Ancestry.com. Tennessee, U.S., Deaths and Burials Index, 1874-1955 [database on-line]. Provo, UT, USA: Ancestry.com Operations, Inc., 2011
"Georgia, Fulton County Records from the Atlanta History Center, 1827-1955." Database with images. FamilySearch. https://FamilySearch.org : 14 October 2019. Atlanta History Center, Georgia.
"Georgia Suffragists to Present Petition." The Constitution [Atlanta, GA] 14 July 1918. Newspapers.com, https://www.newspapers.com/image/26908082/?terms=alice%20c.%20daniels&match=1
The History of Woman Suffrage vol. VI. Ed. Ida Husted Harper. New York: Little and Ives, 1922. [LINK to GA state report]
"Ladies Enter a Plea for Voice in Affairs." The Constitution [Atlanta, GA] 15 February 1902. Newspapers.com, https://www.newspapers.com/image/26864237/
"Michigan Births, 1867-1902." Database with images. FamilySearch. http://FamilySearch.org : 25 January 2021. Citing Secretary of State. Department of Vital Records, Lansing.
"Michigan Marriages, 1822-1995", database, FamilySearch (https://www.familysearch.org/ark:/61903/1:1:FCBG-NHC : 9 November 2020), Howard Daniel, 1872.
"Mrs. Alice C. Daniels" [Obituary]. Chattanooga Daily Times 3 March 1928. Newspapers.com, https://www.newspapers.com/image/604173217/?terms=Alice%20C.%20Daniels&match=1
"The Political Rights of Women." The Constitution [Atlanta, GA] 15 Feb. 1914. Newspapers.com, https://www.newspapers.com/image/26851631/?terms=alice%20c.%20daniels&match=1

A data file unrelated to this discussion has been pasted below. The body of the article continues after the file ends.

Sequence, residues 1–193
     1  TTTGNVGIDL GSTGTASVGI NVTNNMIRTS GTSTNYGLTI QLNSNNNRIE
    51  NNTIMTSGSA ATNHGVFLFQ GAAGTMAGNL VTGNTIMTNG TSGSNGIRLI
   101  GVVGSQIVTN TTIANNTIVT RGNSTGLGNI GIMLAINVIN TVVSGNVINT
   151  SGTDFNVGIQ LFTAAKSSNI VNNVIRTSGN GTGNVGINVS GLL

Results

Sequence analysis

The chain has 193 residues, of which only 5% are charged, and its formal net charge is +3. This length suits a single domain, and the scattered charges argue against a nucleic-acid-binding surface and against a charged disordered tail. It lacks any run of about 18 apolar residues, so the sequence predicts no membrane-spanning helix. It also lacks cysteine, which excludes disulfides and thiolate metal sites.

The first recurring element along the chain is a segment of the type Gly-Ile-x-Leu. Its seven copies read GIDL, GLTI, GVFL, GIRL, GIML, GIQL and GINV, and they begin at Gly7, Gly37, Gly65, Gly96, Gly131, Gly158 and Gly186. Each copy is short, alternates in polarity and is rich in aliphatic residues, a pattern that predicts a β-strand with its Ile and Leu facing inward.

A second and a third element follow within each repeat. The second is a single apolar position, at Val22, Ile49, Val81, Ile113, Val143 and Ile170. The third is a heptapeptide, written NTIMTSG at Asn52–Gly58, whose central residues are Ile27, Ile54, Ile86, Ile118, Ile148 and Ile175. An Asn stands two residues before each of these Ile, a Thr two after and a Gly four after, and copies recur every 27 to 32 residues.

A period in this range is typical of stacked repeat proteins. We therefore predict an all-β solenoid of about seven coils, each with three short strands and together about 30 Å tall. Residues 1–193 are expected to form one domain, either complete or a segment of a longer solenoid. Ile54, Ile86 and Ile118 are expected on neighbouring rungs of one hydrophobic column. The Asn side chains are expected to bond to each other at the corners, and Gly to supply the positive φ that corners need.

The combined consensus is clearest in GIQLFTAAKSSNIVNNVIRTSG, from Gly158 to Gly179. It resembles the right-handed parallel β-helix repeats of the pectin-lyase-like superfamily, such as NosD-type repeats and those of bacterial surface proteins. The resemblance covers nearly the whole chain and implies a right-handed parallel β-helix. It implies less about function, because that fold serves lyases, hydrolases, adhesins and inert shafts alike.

"Rev. Anna Shaw Arrived Today: Gathering of Woman's Suffragists Opens Tonight at Capitol." The Constitution [Atlanta, GA] 18 November 1903. Newspapers.com, https://www.newspapers.com/image/34063956/?terms=mrs.%20alice%20daniels&match=1
"Rummage Sale." The Constitution [Atlanta, GA] 25 Sept. 1913. Newspapers.com, https://www.newspapers.com/image/34214672/?terms=alice%20c.%20daniels&match=1
"Society." The Constitution [Atlanta, GA] 27 March 1915. Newspapers.com, https://www.newspapers.com/image/26890915/?terms=alice%20c.%20daniels&match=1
"Suffragists Oppose Death of Defectives." The Constitution [Atlanta, GA] 21 November 2015. Newspapers.com, https://www.newspapers.com/image/26896229/?terms=mrs.%20alice%20daniels&match=1
"United States Census, 1880." Database with images. FamilySearch. https://FamilySearch.org : 26 January 2021. Citing NARA microfilm publication T9. Washington, D.C.: National Archives and Records Administration, n.d. [Note that Alice Daniels's name is misspelled "Allice Danuells" in this census]
"United States Census, 1900." Database with images. FamilySearch. http://FamilySearch.org : 25 January 2021. Citing NARA microfilm publication T623. Washington, D.C.: National Archives and Records Administration, n.d.
"United States Census, 1920." Database with images. FamilySearch. http://FamilySearch.org : 25 January 2021. Citing NARA microfilm publication T625. Washington, D.C.: National Archives and Records Administration, n.d.